-21C. With the inner door open, frost forms on the storm door in minutes. The sun through the trees is spiky as a Medieval implement of war.
At sunrise, one shaft of sun reaches all the way through the woods to illuminate the end of the springhouse. The western ridge glows orange.
Another zero-degree morning. The wind hisses in the tops of the pines. A blue jay squeaks like a rusty hinge. The sun comes up.
A katydid clings to the side of the house at sunrise, its veined leaf of a body immobile in the cold but still as green as July.
Light from the rising sun diffracts off a spider web in the eaves, turning it all the colors of the rainbow as it trembles in the wind.
The catbird is already in full throat at sunrise. Six deer graze in the meadow below the blossoming pear tree, muzzles dripping.
Just after sunrise, a wood thrush lands in the trees across from the porch and looks quietly all around. Two hours later, he’s singing.
Clear sky at sunrise, but the woods are still dripping. The sun sets the mist aglow. Trembling drops shift from color to color, prismatic.
Half an hour till sunrise. Over the brassy din of the dooryard birds, from off in the fog, the soft, wandering warble of a winter wren.
A second male phoebe has returned. Their warring warbles echo off the hillside at sunrise, interspersed with a cowbird’s liquid notes.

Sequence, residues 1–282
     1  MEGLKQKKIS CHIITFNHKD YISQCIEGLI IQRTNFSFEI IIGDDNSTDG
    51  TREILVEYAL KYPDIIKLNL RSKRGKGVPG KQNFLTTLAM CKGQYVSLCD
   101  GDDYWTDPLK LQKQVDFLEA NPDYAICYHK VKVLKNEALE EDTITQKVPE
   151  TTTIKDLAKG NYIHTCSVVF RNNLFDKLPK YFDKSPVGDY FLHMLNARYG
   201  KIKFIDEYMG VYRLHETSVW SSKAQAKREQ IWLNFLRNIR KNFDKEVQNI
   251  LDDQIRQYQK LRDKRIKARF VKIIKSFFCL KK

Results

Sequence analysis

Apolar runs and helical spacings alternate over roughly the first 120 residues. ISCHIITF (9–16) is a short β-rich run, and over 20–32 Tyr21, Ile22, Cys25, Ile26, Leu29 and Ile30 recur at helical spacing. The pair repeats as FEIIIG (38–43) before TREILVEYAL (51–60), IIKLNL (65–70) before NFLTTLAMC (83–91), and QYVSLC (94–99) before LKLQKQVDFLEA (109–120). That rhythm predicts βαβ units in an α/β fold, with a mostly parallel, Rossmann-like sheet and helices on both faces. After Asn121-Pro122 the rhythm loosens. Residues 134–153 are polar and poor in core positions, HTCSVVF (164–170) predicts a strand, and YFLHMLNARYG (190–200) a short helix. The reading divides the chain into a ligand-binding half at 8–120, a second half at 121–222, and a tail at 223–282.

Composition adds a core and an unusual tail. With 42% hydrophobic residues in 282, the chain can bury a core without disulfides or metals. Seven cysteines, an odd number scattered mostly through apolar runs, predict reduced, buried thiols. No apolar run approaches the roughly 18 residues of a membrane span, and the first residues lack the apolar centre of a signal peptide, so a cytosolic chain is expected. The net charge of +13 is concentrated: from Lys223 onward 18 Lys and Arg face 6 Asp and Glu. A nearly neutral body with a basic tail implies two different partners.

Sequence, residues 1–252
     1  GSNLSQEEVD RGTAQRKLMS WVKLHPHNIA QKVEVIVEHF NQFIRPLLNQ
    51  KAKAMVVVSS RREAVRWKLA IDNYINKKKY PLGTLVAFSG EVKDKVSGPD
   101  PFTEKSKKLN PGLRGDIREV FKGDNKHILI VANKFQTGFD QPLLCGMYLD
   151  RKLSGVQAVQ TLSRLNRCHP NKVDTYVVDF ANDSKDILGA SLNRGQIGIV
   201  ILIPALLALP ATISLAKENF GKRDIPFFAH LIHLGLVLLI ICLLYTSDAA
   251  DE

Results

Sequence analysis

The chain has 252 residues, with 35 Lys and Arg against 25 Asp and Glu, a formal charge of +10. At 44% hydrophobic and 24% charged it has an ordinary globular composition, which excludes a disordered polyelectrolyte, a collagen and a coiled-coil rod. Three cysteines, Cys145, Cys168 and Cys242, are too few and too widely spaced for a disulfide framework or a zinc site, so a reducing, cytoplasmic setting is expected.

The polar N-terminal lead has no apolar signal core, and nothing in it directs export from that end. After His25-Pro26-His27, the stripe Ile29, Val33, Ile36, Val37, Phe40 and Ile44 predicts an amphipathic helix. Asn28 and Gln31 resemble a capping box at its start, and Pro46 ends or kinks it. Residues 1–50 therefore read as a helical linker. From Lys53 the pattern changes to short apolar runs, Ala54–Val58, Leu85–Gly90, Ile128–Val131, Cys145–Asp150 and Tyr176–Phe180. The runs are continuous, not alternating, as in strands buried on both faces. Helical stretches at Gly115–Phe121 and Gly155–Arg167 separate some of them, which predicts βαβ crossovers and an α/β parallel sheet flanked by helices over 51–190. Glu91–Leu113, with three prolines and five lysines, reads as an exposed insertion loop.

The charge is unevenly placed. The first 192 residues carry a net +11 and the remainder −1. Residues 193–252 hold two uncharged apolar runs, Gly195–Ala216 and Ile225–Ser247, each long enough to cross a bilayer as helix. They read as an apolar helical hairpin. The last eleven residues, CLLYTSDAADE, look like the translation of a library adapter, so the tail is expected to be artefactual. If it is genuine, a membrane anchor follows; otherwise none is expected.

Up early, I can’t set my hat-brim low enough to block the sun, so settle for bedazzlement. Two squirrels by the stream walking in circles.
Deep cold; nothing stirring but the wind. Clouds of snow blown off the trees are back-lit by the rising sun.
It’s cold—I can hear it in the way the wind hisses in the dead grass. As the sun climbs through the trees, I close one eye then the other.
Sunrise turns the western ridge crimson. Chickadees and titmice flit through the branches, calling, while we stand snapping pictures.
Trees pop in the cold. I close my eyes against the sun and watch its track fade on my retina: a connect-the-dots drawing gone wrong.
Hollow thumps where a rabbit dashes across the slick snow-crust, alarmed, perhaps, by the sun’s blinding path through the trees.